“Our master & father at the head of physick”: the learned medicine of William Cullen
Wolf, Jeffrey Charles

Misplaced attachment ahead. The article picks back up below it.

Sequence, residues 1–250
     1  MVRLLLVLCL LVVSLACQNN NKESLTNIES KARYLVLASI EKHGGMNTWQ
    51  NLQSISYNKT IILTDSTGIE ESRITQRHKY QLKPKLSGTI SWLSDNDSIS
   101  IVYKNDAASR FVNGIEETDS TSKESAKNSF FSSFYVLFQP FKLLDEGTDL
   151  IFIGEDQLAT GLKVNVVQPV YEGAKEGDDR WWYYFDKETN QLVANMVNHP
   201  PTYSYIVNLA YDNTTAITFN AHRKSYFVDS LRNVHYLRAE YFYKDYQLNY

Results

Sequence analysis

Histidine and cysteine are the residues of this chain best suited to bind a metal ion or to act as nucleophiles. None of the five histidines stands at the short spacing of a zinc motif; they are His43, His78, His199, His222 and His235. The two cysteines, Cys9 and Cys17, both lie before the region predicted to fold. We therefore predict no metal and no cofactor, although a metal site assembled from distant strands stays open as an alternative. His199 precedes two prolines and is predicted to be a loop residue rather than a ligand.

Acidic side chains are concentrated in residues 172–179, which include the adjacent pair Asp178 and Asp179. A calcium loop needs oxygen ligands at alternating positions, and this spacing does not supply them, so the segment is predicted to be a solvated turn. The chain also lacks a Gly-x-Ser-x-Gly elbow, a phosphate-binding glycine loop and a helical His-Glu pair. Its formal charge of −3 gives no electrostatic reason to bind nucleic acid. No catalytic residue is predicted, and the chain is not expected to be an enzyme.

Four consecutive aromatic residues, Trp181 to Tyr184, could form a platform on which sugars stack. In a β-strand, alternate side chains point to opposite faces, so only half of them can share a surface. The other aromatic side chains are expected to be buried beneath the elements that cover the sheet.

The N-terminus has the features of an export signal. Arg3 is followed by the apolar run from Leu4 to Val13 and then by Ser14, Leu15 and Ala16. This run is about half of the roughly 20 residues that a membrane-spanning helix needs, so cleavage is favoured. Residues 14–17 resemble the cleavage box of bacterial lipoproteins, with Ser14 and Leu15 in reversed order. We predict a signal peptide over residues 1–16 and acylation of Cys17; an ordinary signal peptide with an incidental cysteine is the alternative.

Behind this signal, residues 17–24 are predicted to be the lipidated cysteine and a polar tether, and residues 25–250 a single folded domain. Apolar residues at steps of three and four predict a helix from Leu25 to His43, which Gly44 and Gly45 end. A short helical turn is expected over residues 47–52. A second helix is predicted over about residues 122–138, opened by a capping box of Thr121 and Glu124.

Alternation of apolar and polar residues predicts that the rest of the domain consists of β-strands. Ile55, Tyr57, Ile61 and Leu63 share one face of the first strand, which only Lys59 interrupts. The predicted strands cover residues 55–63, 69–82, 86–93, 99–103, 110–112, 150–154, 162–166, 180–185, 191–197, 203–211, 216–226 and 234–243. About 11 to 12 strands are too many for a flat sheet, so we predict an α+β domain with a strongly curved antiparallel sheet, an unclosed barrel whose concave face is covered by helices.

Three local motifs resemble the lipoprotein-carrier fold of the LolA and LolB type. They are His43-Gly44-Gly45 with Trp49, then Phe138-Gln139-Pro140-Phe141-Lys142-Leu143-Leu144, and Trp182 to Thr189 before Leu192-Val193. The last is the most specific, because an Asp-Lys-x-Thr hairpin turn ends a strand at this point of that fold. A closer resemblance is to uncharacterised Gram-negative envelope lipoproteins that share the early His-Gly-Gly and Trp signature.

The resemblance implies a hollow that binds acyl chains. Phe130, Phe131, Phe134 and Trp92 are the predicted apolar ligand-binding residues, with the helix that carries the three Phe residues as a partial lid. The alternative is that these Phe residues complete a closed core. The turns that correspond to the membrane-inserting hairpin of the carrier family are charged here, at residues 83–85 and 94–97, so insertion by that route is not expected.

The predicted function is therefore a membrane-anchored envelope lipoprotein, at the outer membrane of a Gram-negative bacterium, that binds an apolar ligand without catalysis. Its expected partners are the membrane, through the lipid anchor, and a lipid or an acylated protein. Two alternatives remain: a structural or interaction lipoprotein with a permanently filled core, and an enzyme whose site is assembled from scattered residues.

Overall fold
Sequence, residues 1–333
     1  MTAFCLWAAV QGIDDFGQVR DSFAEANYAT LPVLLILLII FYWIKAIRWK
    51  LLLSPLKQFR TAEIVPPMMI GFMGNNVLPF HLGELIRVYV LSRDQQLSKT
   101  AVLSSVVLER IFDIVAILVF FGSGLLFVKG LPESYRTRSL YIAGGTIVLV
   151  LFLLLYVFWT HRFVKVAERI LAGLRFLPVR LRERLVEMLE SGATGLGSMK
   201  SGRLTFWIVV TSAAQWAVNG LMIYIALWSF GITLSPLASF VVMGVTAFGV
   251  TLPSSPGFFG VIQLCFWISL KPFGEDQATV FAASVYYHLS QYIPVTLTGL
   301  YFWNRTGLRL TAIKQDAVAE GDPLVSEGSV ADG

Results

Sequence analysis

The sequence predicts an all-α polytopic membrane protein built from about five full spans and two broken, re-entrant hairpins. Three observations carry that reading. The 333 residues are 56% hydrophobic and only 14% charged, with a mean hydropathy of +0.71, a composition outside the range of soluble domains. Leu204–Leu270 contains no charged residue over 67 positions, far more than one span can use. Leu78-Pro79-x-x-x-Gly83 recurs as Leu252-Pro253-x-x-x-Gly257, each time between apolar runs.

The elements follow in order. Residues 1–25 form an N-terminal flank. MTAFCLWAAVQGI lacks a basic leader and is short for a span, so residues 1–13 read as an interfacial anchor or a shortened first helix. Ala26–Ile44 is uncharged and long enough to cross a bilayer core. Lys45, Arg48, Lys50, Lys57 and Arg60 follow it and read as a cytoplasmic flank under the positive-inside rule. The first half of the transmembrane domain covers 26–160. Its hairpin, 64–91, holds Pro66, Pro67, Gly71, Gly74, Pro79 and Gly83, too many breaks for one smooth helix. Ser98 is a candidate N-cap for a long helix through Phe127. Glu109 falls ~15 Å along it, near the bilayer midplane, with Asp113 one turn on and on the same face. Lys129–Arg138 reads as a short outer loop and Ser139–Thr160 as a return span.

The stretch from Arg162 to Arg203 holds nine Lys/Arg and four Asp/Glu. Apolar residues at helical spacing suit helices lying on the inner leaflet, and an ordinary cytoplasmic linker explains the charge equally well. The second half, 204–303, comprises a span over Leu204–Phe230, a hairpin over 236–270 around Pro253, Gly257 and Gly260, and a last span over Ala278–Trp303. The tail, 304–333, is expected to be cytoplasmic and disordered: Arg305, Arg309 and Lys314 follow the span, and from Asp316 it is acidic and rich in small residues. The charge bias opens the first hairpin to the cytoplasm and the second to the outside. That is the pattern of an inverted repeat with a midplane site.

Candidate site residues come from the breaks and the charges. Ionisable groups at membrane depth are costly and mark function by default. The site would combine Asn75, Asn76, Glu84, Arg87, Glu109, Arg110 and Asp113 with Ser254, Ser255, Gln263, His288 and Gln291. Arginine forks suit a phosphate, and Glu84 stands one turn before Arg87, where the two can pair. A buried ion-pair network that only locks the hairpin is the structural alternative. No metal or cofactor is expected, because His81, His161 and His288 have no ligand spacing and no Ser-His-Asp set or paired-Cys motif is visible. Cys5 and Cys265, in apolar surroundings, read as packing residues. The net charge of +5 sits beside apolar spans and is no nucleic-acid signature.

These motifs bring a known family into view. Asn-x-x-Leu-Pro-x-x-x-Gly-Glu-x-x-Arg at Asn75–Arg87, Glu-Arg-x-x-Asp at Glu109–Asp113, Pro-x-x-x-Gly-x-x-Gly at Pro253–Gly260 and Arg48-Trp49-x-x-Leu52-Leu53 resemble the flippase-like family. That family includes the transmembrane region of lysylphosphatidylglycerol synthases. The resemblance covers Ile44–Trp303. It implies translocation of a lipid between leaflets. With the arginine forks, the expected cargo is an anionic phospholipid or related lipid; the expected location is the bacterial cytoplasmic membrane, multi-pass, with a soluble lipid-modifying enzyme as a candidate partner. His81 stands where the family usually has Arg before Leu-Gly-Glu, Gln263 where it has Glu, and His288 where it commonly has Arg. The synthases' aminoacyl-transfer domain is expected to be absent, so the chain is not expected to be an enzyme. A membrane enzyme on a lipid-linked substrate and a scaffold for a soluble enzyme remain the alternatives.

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This is a study of Dr. William Cullen (1710-1790), the Scottish chemist, physician, and professor of medicine, who played a significant role in the Scottish Enlightenment. I argue that Cullen was both a more unorthodox figure in Scottish medicine than he is generally depicted, as well as a more ambitious one. Despite his controversial doctrines, he skillfully managed the hierarchy of his profession and reached the pinnacle of success as a learned physician in the Scottish Enlightenment. I explore Cullen’s life and thought from different angles. I explicate his pedagogical persona and philosophy of medicine, both of which shaped the experiences of his pupils. I show how his neurophysiology was rooted in his contentious interpretation of the nature of the nervous fluid. And I provide a detailed look at Cullen’s understanding of hygiene, or the art of health—a rarely-studied component of his practice of medicine.